Sale of OGE ratepayer bonds is a done deal

When is it a "Done" Deal? | Startup Grind


The sale of nearly $1 billion in ratepayer-backed bonds to cover 2021 winter storm costs for Oklahoma Gas and Electric is complete.

The utility stated in a filing made Wednesday with the U.S. Securities and Exchange Commission that the sale of $762 million in bonds was completed July 20 by the Oklahoma Development Finance Authority. It was carried out “for the purpose of allowing OG&E to recover the significant fuel costs it incurred as a result of Winter Storm Uri in February 2021—.”

The filing made no reference to the surprise increase in the interest rate, going from an expected 2.58% as laid out by the utility last year, to 4.9% as revealed last week by the ODFA. The increase will add to the overall cost of the bonds and result in additional monthly costs of $3.34 to consumers instead of $2.12 as expressed last year. It is an increase of 57% of the predicted rate to OGE customers.

OGE blamed the interest rate increase on inflation and on opponents who filed legal challenges before the Oklahoma Supreme Court which delayed the sale of the bonds. The utility issued a statement to News 9 as it reported on the increased interest rate.

The total cost of the bond project will increase by nearly $400 million because of the higher interest rate.

The unexpected interest rate increase led Corporation Commissioner Bob Anthony to express anger about the results.

“In short, the results of OG&E’s winter storm bond issuance are simply horrifying.  The Oklahoma Corporation Commission’s open-ended financing order failed to protect consumers and left all the risk for rising interest rates on ratepayers,” said Anthony in a statement issued on Monday.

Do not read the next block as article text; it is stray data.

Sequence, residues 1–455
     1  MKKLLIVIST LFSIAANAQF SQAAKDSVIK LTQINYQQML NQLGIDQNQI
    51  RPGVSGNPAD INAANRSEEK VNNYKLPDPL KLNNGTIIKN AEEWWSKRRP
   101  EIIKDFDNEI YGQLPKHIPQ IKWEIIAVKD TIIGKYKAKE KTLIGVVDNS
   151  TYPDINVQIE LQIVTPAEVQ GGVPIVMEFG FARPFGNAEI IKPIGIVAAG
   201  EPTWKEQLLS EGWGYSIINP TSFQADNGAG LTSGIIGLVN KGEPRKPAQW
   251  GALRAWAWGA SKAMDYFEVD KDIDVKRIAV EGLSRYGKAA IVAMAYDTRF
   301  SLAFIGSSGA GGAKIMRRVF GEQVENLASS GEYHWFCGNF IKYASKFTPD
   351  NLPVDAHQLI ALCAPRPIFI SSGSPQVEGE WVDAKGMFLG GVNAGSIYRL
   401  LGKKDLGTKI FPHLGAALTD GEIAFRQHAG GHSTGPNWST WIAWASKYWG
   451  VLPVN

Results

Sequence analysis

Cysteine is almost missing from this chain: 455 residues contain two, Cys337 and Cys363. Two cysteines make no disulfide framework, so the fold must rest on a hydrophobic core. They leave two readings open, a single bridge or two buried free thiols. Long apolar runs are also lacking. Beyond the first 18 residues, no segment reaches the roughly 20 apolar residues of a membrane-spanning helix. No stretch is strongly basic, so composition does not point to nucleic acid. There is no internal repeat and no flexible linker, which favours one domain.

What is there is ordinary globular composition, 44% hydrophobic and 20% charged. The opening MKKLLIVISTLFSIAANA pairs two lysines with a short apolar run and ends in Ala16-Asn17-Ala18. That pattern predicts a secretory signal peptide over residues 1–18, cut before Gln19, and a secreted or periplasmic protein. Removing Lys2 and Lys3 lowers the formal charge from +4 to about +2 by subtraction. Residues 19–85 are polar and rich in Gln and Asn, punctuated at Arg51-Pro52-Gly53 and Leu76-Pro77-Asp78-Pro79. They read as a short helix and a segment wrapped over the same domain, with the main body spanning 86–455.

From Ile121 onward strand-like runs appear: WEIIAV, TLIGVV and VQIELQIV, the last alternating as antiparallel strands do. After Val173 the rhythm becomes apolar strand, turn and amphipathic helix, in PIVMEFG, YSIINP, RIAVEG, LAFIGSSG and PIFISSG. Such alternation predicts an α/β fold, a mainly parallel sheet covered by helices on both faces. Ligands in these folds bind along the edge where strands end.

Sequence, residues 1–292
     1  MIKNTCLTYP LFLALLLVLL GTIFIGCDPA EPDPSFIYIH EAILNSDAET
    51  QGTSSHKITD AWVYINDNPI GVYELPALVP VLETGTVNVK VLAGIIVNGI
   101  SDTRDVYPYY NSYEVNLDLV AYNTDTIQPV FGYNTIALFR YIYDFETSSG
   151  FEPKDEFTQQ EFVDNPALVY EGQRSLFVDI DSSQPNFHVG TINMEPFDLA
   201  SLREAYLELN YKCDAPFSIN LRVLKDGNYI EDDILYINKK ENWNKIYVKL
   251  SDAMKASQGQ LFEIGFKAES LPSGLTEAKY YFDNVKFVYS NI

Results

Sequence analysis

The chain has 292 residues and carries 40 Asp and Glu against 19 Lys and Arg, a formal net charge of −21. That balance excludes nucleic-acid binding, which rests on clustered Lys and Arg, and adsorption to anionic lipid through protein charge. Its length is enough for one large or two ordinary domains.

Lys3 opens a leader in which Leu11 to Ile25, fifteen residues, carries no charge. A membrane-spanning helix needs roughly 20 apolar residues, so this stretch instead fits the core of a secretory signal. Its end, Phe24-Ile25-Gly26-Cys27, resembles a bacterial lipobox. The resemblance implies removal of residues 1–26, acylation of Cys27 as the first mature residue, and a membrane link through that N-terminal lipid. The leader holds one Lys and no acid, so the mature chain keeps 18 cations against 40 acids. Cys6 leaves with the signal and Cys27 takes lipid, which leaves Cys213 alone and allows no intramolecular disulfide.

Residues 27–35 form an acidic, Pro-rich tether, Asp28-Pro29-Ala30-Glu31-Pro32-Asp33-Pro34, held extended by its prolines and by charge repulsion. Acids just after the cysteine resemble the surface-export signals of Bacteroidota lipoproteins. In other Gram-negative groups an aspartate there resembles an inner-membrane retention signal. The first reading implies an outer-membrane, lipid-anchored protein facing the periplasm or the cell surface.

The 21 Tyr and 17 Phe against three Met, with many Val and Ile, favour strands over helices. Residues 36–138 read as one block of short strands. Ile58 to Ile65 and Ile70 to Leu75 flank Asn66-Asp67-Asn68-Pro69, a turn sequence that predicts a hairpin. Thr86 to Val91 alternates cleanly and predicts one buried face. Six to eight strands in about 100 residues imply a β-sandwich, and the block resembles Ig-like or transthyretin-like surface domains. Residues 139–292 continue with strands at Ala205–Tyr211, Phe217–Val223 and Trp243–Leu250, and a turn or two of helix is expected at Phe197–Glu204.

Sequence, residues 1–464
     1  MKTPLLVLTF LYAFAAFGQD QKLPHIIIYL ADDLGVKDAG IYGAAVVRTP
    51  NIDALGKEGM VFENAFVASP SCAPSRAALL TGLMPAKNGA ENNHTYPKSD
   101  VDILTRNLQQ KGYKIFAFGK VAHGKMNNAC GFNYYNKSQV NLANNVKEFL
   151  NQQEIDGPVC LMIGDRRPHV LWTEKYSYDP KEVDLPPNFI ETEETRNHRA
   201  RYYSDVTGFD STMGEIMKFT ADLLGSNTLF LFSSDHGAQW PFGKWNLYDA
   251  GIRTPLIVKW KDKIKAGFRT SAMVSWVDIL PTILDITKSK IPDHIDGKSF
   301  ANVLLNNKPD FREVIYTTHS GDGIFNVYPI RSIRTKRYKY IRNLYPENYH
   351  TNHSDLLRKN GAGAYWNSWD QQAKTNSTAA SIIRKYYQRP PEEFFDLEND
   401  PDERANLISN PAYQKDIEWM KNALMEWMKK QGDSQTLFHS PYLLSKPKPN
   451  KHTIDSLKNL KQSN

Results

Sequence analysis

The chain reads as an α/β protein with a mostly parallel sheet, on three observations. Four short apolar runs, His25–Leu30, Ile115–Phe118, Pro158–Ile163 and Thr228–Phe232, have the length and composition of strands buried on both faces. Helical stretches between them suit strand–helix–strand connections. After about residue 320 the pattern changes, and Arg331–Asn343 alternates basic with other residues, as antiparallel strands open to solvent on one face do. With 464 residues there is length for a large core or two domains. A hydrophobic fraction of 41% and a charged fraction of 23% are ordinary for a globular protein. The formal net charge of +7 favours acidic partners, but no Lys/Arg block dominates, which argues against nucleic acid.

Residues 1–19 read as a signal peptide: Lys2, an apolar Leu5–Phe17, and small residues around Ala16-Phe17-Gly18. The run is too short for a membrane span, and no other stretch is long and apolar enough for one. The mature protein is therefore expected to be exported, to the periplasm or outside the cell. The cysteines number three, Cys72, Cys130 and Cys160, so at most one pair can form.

The bond sale was authorized under the February 2021 Regulated Utility Consumer Protection Act which was rushed into law by the Oklahoma legislature. It was also approved by the Oklahoma Corporation Commission (on a 2-1 vote) on Dec. 16, 2021 which adopted a Financing Order.

OGE’s filing also pointed out that the Supreme Court of Oklahoma held the bonds were properly authorized and constitutional under Oklahoma law, an opinion issued May 3, 2022. The bonds are not an obligation of OGE or its affiliates.

In connection with the transaction described above, the ODFA and OG&E entered into a Securitization Property Purchase and Sale Agreement whereby the ODFA purchased, and OG&E sold, the securitization property created pursuant to the Securitization Law and the Financing Order.
Such securitization property includes the right to assess, impose, adjust, collect and receive revenues, in the form of the winter event securitization charge from OG&E’s existing and future Oklahoma customers in amounts intended to be sufficient to pay the principal and interest and financing charges on the Bonds over 28 years. The proceeds received by OG&E for the sale of the securitization property were approximately $750 million, which represents the amount of Bonds sold less issuance costs.